When Mary Graham's husband died, she married Thomas Wier who had also come from Tyrone County, Ireland, along with the other immigrants. Space does not permit me to speak of Marys romantic courtship and how Weir heroically tried to outstrip Houston in his efforts to win her or how he, like Tennyson's Phillip, waited patiently until after the death of Houston to pay court to Mary a second time, which I might add was successful.
Nancy Graham married a Patterson and had three sons: William, James and Robert. Robert Patterson was a General in the Federal Army and as far as I know was the only member of the Graham family that fought for the Union during the Civil War. His home was in Philadelphia, Pennsylvania.
John Graham married a Miss Hamelton and after her death he espoused Margaret (Peggy) McCray, a sister of Mrs. Andrew Graham. I knew only two of his children, although he might have had more by his first wife that remained in Ireland. John and Jane came to America with their father. John was a soldier in the Mexican war, and when the Civil War broke out he again volunteered to serve his country and was given a commission as Captain in the Confederate Army. He remained a bachelor and lived on his farm until the fall of 1906. He then went to the Soldiers Home at Johnson City, Tennessee, where he remained until his death in the summer of 1907. Jane Graham married Hampton Birchfield and reared a family near Tazewell.
MOST WEALTHY AND PROGRESSIVE CITIZEN
After coming to America, Hugh Graham married a Miss Katherine Ninney and was the father of eight children: Cornelia, Lucy, Jane, Sallie, Margaret, Mary, Ellen, Thomas, and another son who died in infancy. Doubtless Hugh Graham was by far the wealthiest and most progressive man in Claiborne County at the time. He owned several large tracts of land in the vicinity of Tazewell. In the town of Tazewell he erected a large brick residence* which still stands as a monument to his artistic taste for Colonial Architecture. His private library then ranked with the largest in the south and in his spacious lawn could be found a specimen of tree and shrub that grew in East Tennessee.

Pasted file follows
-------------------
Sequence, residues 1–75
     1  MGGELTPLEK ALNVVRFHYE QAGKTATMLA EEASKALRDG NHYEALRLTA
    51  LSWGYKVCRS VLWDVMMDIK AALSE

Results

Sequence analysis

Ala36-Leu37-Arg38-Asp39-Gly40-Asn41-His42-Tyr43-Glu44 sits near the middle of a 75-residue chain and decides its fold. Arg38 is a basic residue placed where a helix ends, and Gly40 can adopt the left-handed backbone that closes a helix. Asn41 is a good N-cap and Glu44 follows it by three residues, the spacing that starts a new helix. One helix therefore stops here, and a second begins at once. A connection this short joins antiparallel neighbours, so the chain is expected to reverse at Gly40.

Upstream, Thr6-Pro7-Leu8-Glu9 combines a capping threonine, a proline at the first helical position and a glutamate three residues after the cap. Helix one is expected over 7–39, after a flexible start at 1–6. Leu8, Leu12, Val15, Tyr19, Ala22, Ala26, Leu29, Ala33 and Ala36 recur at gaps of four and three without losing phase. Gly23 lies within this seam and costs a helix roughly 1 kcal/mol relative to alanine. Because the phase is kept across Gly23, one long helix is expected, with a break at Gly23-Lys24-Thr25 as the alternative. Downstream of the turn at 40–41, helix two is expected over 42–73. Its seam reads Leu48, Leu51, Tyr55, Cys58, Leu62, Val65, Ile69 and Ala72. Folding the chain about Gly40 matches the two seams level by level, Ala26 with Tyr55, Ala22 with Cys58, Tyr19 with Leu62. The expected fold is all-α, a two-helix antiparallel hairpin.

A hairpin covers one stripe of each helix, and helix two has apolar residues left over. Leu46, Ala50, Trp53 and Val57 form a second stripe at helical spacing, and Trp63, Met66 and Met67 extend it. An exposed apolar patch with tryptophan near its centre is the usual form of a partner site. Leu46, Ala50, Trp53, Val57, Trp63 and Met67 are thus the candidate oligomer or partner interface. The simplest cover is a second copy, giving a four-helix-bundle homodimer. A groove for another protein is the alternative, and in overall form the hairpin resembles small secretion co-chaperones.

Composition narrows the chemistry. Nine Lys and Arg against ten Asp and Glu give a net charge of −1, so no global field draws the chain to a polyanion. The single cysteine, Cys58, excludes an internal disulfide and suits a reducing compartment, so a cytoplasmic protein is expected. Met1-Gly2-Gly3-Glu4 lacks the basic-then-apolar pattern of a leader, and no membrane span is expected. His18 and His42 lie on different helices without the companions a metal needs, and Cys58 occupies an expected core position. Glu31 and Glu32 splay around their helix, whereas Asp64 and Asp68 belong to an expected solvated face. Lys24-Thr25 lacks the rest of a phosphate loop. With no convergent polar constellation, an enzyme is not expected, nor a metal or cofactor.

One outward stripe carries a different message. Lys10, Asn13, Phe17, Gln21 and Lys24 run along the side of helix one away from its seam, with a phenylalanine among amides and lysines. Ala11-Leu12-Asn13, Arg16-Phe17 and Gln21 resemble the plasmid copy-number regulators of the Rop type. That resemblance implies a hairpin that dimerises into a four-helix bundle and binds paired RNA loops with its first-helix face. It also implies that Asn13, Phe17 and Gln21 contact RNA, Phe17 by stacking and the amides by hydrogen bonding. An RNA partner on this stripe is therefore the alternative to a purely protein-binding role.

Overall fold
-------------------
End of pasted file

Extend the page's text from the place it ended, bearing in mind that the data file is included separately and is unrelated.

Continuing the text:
Jane Graham, the daughter of Thomas Jr., married a McArthy and had two children, Thomas and Nancy. After the death of McArthy she married John McNullen, probably before she came to America and had, by her second husband, three more children, Margaret, Fanny and Susin.
I do not know who Thomas McArthy married but his sister, Nancy, married Sterling Rose. One of Nancy's sons, Judge James C. Rose was very prominent in politics and was widely known all over the state. Margaret married Lee White; Fannie McNullen married William Cannon, and Susan, the youngest sister married George Roe of Morristown, Tennessee.
BUILDING OF TAZEWELL COLLEGE
William Graham came to America along with his relatives, purchased land and made his home near Tazewell. He lived a bachelor throughout his life. He was greatly interested in education and handled the funds that were used in building Tazewell College**. In 1841 he died at the ripe old age of three score and sixteen.
Descendants of Thomas Graham, Jr., are to be found in nearly every state in the Union and where ever flows a drop of Graham blood there can be found men and women of intellect, endowed with the strong personality, holding a fair share of earthly possessions and are usually following a trade or have a profession that commands the honour and respect of all that know them.
* The old Hugh Graham home was purchased by Dr. William E. Rodgers and has been torn down, brought to Knoxville and rebuilt.
** Tazewell College was discontinued in the 1920s. The building has been torn down and the brick used in erecting a hotel, opposite the Court House in Tazewell.
Note: - Our readers will observe that the names of places and the names of people are, in many instances, different from the spelling here. We give the spelling as it appears in this article by Mr. Cloud. Should any of our readers have any further contributions to make to this subject we will be glad to hear from them.- Editor, Strabane Weekly News, 1954.
Transcriber's Note: Like the Editor of the Strabane Weekly News, I have reproduced Mr. Cloud's article exactly as it appeared in the newspaper. I have not attempted to verify any of the assertions made in the article.